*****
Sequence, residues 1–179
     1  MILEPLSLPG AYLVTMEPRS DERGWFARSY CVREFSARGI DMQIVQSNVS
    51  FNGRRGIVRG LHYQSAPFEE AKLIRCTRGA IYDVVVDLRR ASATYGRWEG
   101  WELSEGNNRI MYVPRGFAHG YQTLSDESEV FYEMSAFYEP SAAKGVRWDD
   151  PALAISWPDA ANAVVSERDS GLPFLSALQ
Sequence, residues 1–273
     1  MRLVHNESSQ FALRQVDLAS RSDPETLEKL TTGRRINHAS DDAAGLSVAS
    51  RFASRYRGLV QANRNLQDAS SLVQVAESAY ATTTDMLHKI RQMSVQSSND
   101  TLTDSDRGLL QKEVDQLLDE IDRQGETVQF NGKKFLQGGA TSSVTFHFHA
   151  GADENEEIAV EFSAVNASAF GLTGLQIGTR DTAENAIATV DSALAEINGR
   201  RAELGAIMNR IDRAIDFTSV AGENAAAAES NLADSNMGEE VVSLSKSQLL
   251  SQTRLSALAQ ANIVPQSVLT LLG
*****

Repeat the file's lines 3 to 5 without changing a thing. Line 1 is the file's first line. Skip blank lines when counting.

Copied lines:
    51  FNGRRGIVRG LHYQSAPFEE AKLIRCTRGA IYDVVVDLRR ASATYGRWEG
   101  WELSEGNNRI MYVPRGFAHG YQTLSDESEV FYEMSAFYEP SAAKGVRWDD
   151  PALAISWPDA ANAVVSERDS GLPFLSALQ